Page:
Mr Wells interjected to say that nothing in Mr Beattie’s amendments would impact on the part of the bill which gives more powers to the planning minister.

Alliance’s Andrew Muir said that claims the amendments were necessary to avoid ministerial solo runs “are in my opinion over-played” and his party endorsed the bill as it stood.

He said that in the absence of the bill there would be a significant lack of clarity on what decisions could be taken by ministers, making it urgent to resolve.

Speaking on behalf of the Executive, Mr Lyons said he could assure MLAs that they had been “rigorous” in their consideration of the issue.

He said that the test for cross-cutting was being given a statutory definition to clarify it and insisted it would “not open the flood gates” in allowing ministers to go on solo runs.

The junior minister said that passing Mr Beattie’s amendment would mean that almost every health decision would have to come to the Executive.

The East Antrim MLA said it was “never common practice” for issues such as planning decisions to be brought to the Assembly and would make for an “unsustainable” situation with the Executive.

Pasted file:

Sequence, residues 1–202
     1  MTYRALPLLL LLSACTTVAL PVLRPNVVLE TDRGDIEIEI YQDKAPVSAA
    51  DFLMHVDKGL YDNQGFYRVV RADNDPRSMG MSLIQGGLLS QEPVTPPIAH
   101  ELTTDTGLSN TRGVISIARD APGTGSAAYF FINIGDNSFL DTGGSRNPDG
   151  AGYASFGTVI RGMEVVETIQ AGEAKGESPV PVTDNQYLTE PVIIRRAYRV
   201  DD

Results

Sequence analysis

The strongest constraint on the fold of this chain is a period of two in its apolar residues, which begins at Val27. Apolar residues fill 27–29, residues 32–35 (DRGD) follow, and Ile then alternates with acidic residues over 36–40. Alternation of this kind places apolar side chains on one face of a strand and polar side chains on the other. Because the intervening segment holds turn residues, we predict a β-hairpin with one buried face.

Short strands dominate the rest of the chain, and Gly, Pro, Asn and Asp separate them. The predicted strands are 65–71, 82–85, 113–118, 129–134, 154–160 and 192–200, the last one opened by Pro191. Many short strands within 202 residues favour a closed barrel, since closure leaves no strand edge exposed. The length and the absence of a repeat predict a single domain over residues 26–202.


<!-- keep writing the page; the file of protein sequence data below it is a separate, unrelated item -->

However, Mr Bullick has argued this misses the point and just because each decision did not come to the Executive did not mean that the DUP did not value having the power to pull in any significant decision.

Extraordinarily, during the debate Mr Storey repeated the First Minister’s erroneous claim that any three ministers can call any ministerial decision into the Executive where it could be blocked – something which has been debunked by Mr Bullick over the last fortnight.

Mr Beattie pointed out that no such power exists – something which Mr Storey then did not challenge.

Green MLA Rachel Woods, whose party has consistently opposed the bill, said that it appeared to be a far more significant piece of legislation than the Assembly had been told by ministers who presented it as a technical bill to regularise the rules in response to a court judgment.

People Before Profit MLA Gerry Carroll, who similarly has consistently opposed the bill, said that the Executive was acting in a “cavalier” way and simply brushed off concerns.